One Spring-like Saturday in April we decided to see what all the buzz was about and head to Burana Tower, located in a small town just east of Bishkek. We took a city marshrutka to the Western Bus Station, where we transferred to a longer-haul marshrutka heading to Tokmok. 45 minutes later, we arrived.
The marshrutkas stop a couple kilometers outside of what you might call the central Tokmok. You’ll know you’re in the right town because they tell you with a 3-story monument. Not to be bested, an older monument across the street proudly displays 10-meter-high wooden flags attesting to Kyrgyzstan’s awesomeness.
We were hungry when we got in so we got directions from a pedestrian and hiked toward the town center. In all honesty, we’re not sure if we every got there, but we did notice a higher concentration of convenience stores and cafes as we passed a mounted airplane and a quiet amusement park. We found a quiet, outdoor restaurant and feasted on Kyrgyz-Chinese fare before hitting the streets of Tokmok to take in the atmosphere.
Around the corner from the restaurant we found a residential area, relatively alive with local kids (most likely owing to the unseasonably warm weather), but still displaying the characteristic bleakness of a Winter in remission.
As we continued on, houses and fenced yards gave way to a vast, open space that seemed to extend to the horizon. With a few shepherds tending their flocks, a shimmering stream passing through, and mounds of green grass between evergreen groves, the location would have been idyllic–if it wasn’t also littered with the droppings of at least 3 mammal species.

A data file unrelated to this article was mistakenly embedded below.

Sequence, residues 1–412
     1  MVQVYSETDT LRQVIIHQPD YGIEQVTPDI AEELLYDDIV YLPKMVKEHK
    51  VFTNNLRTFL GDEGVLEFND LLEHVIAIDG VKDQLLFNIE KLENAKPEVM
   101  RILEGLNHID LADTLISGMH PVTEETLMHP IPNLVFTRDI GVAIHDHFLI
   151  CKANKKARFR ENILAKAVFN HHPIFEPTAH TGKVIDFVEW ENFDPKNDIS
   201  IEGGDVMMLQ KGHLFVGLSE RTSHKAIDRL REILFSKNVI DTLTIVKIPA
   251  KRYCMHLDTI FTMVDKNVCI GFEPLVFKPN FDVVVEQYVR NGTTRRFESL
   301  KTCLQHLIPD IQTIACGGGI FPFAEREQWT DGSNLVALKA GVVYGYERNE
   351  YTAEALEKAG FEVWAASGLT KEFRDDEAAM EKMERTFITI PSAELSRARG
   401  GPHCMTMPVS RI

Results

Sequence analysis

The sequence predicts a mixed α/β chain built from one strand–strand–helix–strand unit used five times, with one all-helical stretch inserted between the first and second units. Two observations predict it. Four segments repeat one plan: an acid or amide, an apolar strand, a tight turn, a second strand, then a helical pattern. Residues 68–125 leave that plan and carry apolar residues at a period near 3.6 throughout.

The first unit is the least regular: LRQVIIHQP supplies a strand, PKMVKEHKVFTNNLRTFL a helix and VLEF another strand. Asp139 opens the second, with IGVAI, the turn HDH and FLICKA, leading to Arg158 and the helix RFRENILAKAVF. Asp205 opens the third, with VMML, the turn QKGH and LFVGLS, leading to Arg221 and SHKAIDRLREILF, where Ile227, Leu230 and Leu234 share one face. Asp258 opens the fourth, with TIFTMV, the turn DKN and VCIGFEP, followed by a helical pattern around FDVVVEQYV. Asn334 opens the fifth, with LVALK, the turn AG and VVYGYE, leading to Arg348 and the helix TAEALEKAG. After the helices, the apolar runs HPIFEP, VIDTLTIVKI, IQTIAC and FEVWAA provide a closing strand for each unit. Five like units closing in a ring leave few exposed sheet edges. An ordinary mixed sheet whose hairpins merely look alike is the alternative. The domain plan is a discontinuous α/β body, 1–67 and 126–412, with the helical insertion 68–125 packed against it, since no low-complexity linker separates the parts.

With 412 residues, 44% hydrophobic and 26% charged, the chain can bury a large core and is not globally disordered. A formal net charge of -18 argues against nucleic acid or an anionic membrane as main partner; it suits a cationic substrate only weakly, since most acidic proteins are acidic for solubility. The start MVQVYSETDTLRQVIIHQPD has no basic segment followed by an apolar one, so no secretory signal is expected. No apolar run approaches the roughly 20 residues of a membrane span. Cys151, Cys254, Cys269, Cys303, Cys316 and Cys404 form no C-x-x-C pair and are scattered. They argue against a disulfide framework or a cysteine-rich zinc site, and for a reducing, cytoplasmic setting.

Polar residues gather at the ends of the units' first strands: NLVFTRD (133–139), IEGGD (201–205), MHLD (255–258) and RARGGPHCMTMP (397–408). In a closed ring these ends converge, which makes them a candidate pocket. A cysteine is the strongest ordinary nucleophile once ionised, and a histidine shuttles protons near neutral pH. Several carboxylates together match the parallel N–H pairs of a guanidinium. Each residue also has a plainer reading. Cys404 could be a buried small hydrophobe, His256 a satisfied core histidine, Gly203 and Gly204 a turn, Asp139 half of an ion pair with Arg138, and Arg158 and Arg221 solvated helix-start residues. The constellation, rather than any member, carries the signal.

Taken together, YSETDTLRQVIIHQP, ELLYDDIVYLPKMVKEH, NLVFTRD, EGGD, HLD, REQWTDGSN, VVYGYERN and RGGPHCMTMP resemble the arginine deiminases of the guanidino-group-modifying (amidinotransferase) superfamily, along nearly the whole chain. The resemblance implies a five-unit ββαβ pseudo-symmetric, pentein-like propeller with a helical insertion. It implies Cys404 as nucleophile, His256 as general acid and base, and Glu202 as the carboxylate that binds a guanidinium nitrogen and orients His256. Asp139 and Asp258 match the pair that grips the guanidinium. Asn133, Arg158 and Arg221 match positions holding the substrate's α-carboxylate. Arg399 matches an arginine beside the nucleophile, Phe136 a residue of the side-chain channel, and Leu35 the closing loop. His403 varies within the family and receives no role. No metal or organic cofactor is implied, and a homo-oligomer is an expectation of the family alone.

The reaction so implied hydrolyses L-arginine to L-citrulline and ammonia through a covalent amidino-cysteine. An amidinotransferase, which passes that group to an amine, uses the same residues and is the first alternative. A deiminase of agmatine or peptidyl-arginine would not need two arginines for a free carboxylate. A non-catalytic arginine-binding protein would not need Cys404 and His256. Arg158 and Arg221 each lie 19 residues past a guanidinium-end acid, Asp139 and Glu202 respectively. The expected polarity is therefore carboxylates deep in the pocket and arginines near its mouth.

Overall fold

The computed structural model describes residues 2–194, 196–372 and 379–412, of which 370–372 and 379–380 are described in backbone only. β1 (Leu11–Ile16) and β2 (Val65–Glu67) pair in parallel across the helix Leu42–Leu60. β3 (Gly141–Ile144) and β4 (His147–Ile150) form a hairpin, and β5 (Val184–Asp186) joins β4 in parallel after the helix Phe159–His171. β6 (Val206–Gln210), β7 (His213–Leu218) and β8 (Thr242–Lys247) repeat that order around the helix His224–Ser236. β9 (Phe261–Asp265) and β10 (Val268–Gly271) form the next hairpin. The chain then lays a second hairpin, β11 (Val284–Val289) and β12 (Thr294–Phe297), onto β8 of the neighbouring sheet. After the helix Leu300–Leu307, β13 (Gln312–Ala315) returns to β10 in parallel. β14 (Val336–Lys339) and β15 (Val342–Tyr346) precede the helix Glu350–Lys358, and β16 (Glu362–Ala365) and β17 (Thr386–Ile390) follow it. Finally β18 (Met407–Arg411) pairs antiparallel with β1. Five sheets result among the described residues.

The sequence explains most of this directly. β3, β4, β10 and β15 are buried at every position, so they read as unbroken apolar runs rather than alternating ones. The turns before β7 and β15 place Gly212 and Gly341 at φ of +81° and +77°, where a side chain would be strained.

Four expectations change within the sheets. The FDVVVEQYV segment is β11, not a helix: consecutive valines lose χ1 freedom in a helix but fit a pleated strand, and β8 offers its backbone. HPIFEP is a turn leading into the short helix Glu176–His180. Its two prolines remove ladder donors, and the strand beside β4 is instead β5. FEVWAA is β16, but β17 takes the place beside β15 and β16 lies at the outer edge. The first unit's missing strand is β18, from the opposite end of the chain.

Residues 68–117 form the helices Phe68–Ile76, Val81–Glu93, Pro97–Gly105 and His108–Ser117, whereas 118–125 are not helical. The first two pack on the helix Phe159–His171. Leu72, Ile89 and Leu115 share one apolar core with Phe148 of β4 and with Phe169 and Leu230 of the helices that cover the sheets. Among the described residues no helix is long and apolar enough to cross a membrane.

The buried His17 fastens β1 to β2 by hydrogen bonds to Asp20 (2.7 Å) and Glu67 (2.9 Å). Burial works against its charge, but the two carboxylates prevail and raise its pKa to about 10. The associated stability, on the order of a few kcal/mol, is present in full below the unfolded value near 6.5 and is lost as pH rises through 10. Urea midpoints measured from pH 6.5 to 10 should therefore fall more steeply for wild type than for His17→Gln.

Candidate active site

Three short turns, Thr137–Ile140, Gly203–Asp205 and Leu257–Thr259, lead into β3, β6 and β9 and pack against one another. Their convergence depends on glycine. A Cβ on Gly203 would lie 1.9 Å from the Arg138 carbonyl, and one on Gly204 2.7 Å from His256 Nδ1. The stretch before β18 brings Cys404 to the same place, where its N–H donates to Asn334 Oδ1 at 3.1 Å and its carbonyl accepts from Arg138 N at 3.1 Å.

Nearby, we met a friendly group of local kids who greeted us with shouts of “hello” and “heil Hitler.” We don’t think they really meant the last one. It turns out they were also familiar with Michael Jackson.
Having explored Tokmok to our satisfaction, we found a taxi who offered to take us to Burana for 300 som, which is less than half what we’d read in guide books. For no extra charge, he agreed to stay and wait for us to explore the iconic Burana Tower. The village of Burana is about 8km from Tokmok, and the tower is visible from several kilometers away, standing tall above the flat plains and farmland.
Our first thought was “why here, in the middle of absolutely nothing?” But the truth is that in the 11th century this was the thriving center of the town of Balasagyn, itself a vital hub on the Silk Road. Even the tower–first constructed as a minaret–was nearly twice as tall in its heyday, until an earthquake in the early 1900s claimed its topmost 20 meters.
Today, not much remains of the town outside this reconstructed/preserved museum site. The grounds hold crumbling foundations of a mausoleum, along with weathered headstones carved into likenesses of the deceased. Modern Burana is a collection of rural homesteads and loosely cultivated fields, housing fewer than 200 families.
A narrow staircase (not for the faint of heart) inside the tower leads to the 25-meter observation deck, from which you can still see remnants of Balasagyn’s enclosing wall. On a clear day snow-capped peaks dominate the horizon to the north and south, with the northern range already in Kazakhstan.
Taking in unobstructed 360-degree views from the top, it’s almost possible to imagine the call to prayer from this 50-meter minaret summoning the denizens of the busy town below. These days the only sound is the wind, broken occasionally by the gasp of a frightened tourist clambering up the stairs.
Practical Information: Our Burana Day Trip
- Getting to Tokmok: 300 som for a marshrutka from Bishkek’s Western Bus Terminal
- Getting to Burana Tower: 300 som for a taxi we found on the street (there and back, including wait time of approx. 1 hour)
- Burana Tower Entry: 60 som per person to enter the grounds; 100 som includes entry to small museum and souvenir shop